Who (still) wants market forecasts?

Every year, investors play scare tactics with worries about the dangers in the markets. Yet, with a combination of reasonable investment horizon and management discipline, they can usually put their minds at ease and forget about short-term predictions.

Every January, it is customary to try to predict the future by asking what the New Year will bring. Of course, very often, these predictions turn out to be wrong and have to be revised considerably afterwards. The best example of this tendency is that of the journalist James Glassman who published his book “Dow 36’000” (when it was below 12’000 at the time of publication) just before the bursting of the internet bubble and the bear market of 2001-2002 and who thus, like many others, largely served as a contrary indicator. Admittedly, this year is one for the anxious to be nervous, as it opens with particularly high valuations in a very uncertain economic context given the virus situation and inflationary pressures. Government debt is at an all-time high, the geopolitical situation is tense around the world and the consensus is for several rate hikes in the coming months to counteract rising prices caused by supply chain tensions. With many commentators talking about an exceptionally volatile situation, it seems perfectly legitimate to look for a compass to guide us for the next 12 months.

Every year is uncertain

In this regard, it is important to remember that every January brings its share of uncertainty. A quick review of past financial commentaries clearly shows that investor concerns always seemed insurmountable at the beginning of the year. This is clearly seen in the research[1] of a Wall Street veteran – Jim Cullen of Schafer Cullen – who reminds the savvy investor of the persistence of these existential questions about the direction of the markets. Whether it was political tensions that suggested the end of the world was near, or other unprecedented macroeconomic signals that should have prompted caution, the regularity of these doomsday comments remains one of the most stable constants in our January financial environment.

The myth of the new paradigm

To paraphrase Jim Cullen, it is also useful to remember that in all long bull cycles such as the one we are currently experiencing, investors convince themselves that there is a good reason for the market to keep going up, such as technological innovations that would challenge the usual valuation criteria. The market thus falls in love with so-called “future companies”, whether it is stocks like RCA, AT&T or Ford in the pre-war period, IBM, Kodak or Polaroid in the 60s and 70s, or internet stocks in the NASDAQ bubble of the 90s. In each of these cases, commentators evoked a “new paradigm” and structural changes that justified ignoring any discipline in the selection of stocks exposed to these new technologies. And in each case, alas, the end of the story was very painful for investors who had given up paying attention to the underlying valuations of these “hot” stocks. This is an important lesson for investors who still rush to the trendy companies promoted in applications such as Robinhood or who follow the omens of the Pythia Cathy Wood (and let’s not even talk about Bitcoin…).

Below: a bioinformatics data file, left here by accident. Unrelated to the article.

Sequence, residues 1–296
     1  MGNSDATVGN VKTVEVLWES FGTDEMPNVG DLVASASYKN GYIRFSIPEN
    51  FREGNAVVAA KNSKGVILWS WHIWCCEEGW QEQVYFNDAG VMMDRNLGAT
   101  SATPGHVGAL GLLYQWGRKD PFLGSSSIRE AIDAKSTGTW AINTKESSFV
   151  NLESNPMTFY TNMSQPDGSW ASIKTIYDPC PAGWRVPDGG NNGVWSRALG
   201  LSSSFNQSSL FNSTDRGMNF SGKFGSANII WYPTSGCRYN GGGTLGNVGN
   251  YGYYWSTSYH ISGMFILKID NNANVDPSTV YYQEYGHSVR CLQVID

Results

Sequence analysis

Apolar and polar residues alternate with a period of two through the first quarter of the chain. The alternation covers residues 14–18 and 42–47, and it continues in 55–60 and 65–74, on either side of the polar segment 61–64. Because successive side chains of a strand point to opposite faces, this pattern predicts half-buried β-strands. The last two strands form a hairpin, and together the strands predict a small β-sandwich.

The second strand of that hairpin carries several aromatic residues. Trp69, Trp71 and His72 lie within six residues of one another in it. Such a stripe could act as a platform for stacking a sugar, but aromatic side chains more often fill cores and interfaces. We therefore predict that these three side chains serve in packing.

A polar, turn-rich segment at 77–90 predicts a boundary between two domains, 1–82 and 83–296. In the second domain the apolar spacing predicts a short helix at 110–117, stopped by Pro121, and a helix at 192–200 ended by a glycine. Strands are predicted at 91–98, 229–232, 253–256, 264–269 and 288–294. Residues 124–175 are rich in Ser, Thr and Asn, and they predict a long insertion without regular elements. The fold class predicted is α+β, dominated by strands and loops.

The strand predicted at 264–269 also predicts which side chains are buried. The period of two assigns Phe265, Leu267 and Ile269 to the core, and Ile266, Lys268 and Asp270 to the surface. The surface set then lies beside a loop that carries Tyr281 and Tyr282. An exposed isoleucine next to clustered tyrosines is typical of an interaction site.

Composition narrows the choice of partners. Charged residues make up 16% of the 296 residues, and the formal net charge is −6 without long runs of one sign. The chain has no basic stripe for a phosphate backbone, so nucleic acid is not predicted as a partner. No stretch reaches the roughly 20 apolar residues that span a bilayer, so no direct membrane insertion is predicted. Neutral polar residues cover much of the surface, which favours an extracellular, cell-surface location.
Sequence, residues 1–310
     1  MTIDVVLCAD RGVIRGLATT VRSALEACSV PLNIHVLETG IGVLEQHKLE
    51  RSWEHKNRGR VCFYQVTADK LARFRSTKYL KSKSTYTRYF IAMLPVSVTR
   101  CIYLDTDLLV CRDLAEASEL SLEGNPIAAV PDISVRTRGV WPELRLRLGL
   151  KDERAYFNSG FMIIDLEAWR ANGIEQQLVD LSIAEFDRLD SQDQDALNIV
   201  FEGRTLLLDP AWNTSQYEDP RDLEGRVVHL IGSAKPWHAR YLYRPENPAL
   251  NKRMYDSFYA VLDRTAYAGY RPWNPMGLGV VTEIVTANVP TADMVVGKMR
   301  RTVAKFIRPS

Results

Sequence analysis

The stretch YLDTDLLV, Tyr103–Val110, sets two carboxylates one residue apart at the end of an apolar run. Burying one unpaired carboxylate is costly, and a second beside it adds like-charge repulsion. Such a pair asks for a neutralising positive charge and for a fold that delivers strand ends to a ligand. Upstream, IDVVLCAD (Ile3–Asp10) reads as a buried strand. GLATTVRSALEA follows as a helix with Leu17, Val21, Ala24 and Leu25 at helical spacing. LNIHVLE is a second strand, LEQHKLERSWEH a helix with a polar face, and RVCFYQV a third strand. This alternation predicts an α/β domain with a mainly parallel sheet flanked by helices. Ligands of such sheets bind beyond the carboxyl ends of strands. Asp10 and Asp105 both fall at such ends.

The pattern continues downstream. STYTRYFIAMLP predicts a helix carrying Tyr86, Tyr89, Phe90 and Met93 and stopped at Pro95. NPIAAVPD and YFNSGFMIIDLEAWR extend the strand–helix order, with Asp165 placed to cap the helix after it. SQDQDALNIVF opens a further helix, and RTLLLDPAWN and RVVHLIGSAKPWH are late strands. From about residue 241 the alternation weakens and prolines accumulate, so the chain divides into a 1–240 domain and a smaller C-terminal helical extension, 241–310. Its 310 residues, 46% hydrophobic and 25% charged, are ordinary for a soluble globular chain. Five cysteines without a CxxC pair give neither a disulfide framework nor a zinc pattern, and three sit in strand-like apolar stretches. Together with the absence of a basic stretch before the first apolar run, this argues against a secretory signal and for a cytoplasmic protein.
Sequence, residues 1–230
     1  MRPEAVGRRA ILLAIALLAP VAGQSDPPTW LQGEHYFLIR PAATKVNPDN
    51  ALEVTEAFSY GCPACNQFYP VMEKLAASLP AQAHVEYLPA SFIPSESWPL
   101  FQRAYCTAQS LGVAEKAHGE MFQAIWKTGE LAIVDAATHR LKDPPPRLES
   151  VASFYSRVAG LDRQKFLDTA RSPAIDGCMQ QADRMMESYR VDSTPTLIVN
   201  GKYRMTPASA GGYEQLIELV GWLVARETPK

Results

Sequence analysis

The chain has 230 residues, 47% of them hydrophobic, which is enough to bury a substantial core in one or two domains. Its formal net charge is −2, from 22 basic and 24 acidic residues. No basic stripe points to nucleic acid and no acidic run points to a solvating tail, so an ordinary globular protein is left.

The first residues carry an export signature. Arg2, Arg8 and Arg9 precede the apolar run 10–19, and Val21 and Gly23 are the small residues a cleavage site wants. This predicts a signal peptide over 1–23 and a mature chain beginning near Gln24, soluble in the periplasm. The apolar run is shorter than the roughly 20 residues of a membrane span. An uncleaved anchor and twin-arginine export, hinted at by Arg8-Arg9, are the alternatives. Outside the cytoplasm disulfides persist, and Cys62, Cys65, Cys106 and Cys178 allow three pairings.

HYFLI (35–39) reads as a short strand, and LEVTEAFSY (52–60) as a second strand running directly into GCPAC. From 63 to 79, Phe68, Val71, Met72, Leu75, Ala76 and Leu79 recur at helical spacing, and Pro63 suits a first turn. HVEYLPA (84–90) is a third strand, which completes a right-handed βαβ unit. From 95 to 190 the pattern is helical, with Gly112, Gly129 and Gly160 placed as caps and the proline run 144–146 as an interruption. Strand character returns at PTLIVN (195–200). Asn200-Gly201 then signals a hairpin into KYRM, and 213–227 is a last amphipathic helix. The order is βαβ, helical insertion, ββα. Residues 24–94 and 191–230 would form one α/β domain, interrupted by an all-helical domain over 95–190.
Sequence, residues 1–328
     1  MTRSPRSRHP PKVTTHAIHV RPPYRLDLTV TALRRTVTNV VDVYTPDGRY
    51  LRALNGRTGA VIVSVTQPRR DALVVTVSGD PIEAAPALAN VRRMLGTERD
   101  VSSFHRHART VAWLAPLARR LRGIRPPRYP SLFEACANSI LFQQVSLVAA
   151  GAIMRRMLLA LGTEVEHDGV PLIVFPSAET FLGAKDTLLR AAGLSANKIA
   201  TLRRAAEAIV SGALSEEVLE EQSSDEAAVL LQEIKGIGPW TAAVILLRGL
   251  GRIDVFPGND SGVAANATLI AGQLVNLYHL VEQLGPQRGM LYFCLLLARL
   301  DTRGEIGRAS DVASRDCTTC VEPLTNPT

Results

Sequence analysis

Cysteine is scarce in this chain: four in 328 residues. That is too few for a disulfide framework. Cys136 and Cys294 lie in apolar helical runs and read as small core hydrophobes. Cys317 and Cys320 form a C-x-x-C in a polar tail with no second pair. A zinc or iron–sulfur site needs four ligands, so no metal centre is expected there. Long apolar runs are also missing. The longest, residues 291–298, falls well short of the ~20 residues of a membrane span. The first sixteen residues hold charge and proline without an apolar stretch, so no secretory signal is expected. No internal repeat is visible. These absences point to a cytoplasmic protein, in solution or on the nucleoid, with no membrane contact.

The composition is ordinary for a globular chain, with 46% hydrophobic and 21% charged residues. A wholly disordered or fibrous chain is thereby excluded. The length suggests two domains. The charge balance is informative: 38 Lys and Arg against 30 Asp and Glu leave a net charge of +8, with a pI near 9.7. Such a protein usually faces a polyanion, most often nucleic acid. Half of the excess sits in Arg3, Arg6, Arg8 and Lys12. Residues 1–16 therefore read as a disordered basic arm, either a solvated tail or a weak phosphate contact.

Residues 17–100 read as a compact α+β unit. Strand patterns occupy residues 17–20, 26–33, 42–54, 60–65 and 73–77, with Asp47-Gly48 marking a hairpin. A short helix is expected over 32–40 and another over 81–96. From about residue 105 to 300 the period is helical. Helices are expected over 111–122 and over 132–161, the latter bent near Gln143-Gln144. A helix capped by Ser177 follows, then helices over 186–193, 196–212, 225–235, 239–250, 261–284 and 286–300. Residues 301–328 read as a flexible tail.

Time erases short-term movements

These financial neuroses are all the more surprising because, over time, the performance of stocks has been simply phenomenal. Of course, there have been corrections, reversals and impressive crashes. And yes, hot stocks haven’t risen to the sky. But, over periods of 5 to 10 years, investors who were patient and, above all, those who remained focused on the valuation of the stocks they had in their portfolios, obtained absolutely remarkable performances over the past 85 years. It is therefore important to look for the recipe for financial health elsewhere than in short-term forecasts. Because the reality is that patience and investment discipline have been far better advisors than reading the stock market forecasts at the beginning of the year. And this is where the old adage of Benjamin Graham, the father of “Value Investing”, certainly still applies: “If investors in the stock market invest with a discipline and if they invested for the long term, they could forget everything else”. Indeed, studies show the success of this proven method: focus on quality companies at reasonable valuation levels and forget about short-term market fluctuations. This strategy is all the more valid as stock market performances are often out of sync with the major macro-economic aggregates and that economic forecasts are therefore of little help in building an investment strategy.

Invest rather than speculate

However, these simple lessons are the guarantee of long-term success and they have allowed investors who follow them to make their savings grow spectacularly. And if, apart from day-traders and other speculators, they apply regardless of the nature of the investors, they are perfectly adapted to the two major activities of our financial center: private banking and institutional asset management. Indeed, whether we are talking about an individual or a family, who generally look ahead several generations, or a pension fund, which invests over several decades for the purpose of providing retirement income, we look far ahead rather than at the end of our feet. But above all, they take us away from the often misleading anxiety-inducing context and allow us to avoid making forecasts that we already know will be obsolete by the end of January.

[1] Jim Cullen, Schafer Cullen Capital Management, “Year-End Outlook – Anybody Worried?”, December 2021.